The peripherals with Nicasio, as they always have, look good. Before tonight he was 23:7 K/BB. He had given up 25 hits in 26 innings. But he simply cannot get out the best hitters when he has to, at least as a starter. Last year, the Rockies had a great record when DLR, Chacin and Chatwood started. The games by the rest…you know the story. The Rockies talked all the way up to and including opening day at Coors that Nicasio earned the #4 spot. He was a more refined pitcher, ready to take advantage of his talent.
But now that we are a month into the season, this isn’t true. I am a fan, so I want to make sure I say this – baseball is hard. Even great athletes with good arms fail at the major league level. I understand that. But a team has to build its roster to win as many games as possible. As much as we all love Juan Nicasio, he is not one of the best 6 starters on this team right now. And given that this team has a legitimate chance to contend for the playoffs, you cannot continue to send him out there if you have options.
So what to do with Juan (I am assuming sending him to a pitching convent is out as is becoming the governess for Greg Maddux)? Last year he had a very short refresher in Colorado Springs (which he skipped on the way up), and given the issues in the 4 and 5 spot, it was not a surprise to see him come right back to Coors. But now…now the team has tough choices and alternatives . Mark Wiley, the pitching coordinator has been perhaps the best hire this team has made in a long-time, will likely be the one making the decision. This team has depth at starting pitching, not just in the form of Chacin who does need at least one more re-hab start just to get length in pitch count. This is not the Rockies of 2010 or 2011, when they rushed Nicasio to the majors because they needed his arm and because he had been electric. They have options, and not just in the short-term.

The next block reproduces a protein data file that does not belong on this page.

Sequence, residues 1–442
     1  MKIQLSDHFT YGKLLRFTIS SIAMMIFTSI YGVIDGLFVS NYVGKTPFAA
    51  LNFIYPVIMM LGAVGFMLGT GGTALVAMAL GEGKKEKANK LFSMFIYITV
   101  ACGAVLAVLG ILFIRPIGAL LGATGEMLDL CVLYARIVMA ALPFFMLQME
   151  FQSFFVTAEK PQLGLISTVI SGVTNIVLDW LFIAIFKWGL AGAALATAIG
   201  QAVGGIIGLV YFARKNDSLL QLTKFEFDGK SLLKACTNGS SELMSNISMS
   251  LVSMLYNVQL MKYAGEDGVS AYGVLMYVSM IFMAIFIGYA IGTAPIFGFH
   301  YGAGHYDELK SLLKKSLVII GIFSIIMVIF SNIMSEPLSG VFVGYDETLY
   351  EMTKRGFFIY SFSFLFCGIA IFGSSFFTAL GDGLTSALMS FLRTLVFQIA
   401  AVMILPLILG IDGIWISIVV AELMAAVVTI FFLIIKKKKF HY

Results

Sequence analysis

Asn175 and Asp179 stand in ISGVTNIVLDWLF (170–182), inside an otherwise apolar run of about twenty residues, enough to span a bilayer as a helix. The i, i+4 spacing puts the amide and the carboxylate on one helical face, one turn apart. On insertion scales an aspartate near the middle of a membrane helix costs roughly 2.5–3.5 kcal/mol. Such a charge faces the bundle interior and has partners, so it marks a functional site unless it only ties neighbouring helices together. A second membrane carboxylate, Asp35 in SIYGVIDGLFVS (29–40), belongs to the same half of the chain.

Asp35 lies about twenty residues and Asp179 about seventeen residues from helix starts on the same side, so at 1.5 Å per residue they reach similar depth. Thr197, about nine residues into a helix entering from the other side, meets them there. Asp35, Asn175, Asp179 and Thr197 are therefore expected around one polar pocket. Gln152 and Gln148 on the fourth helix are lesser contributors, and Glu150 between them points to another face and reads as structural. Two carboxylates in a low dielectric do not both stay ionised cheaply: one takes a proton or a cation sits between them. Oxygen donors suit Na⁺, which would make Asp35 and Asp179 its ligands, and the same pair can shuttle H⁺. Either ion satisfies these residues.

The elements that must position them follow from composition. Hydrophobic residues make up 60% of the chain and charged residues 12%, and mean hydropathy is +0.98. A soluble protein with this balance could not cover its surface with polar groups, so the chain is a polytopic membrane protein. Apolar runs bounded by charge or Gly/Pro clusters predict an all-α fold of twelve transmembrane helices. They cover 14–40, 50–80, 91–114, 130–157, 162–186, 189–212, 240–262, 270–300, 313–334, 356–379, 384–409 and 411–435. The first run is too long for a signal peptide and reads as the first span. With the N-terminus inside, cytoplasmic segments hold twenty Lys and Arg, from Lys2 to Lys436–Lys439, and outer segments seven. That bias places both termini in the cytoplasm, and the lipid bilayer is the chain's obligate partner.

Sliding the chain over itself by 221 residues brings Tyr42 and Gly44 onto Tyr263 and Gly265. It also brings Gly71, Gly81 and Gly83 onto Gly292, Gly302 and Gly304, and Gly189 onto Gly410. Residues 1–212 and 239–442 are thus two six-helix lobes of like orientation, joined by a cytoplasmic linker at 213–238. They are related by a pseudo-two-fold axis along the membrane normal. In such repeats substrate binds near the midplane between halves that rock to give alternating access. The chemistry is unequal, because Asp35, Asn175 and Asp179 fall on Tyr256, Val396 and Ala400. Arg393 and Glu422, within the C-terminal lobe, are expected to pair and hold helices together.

So, what do you do with Juan? He is still only 27, and as I have been saying a lot lately, guys don’t all figure it out at 21 like Fernandez in Miami or 23 like Maddux. They get it when they get it (or not at all). Jorge De La Rosa figured out the mental part of the game at 29. Franklin Morales is pitching lights out right now because at 28 he learned the cutter. Mike Scott was a sub-500 pitcher til someone taught him the splitter and he had one of the greatest seasons in modern pitching history. So, Juan Nicasio isn’t alone in this kind of struggle, and he is still young enough that we can safely say he is not necessarily finished as a pitching prospect, a starter, a big leaguer or a Colorado Rockie. We don’t know what kind of pitcher he may yet become. But clearly something has to change, if for no other reason than that this bullpen cannot keep getting 5 innings or less from his spot.
The last two starts against Philadelphia at home and L.A. on the road (where he had a 0.00 ERA last year), he threw only 4 seamer fastballs and sliders, if the mlb gametracker is to be trusted. Jordan Pacheco called the Sunday game and tonight’s was Wilin’s game, so two different catchers with the same results. We hear he has 4 pitches, a 2 seamer sinker and a splitter he throws for a changeup are the others (and theoretically a curve). But I went back and looked at the home opener against Arizona, expecting to see the broader array of pitches. He threw exactly 4 2-seamer fastballs and everything else was 4 seamer (90%) and slider (the rest). Can you really expect to get out big league lineup 3 times each game when you are throwing just 2 pitches, no matter how electric they are? And when his 4 seamer is on and his slider moves and gets called a strike, they are great pitches, as the home opener proves. But with all the game film, with all the coaching, with all things hitters have to help them, can Juan really remain a starter with just those two pitches? Randy Johnson did – he was a fastball and slider machine, but they were both 60s (the rating system on tools with 60 being top level). Juan’s fastball is maybe a 50 and his slider a 40. I just don’t see how it can work if he remains a two-pitch pitcher. And what really makes me confused is that now in his 4th year on the big league roster, how can it be they are still be trying to win the majority of games thrown by a two-pitch pitcher with right now questionable control? The old line about the definition of insanity fits here.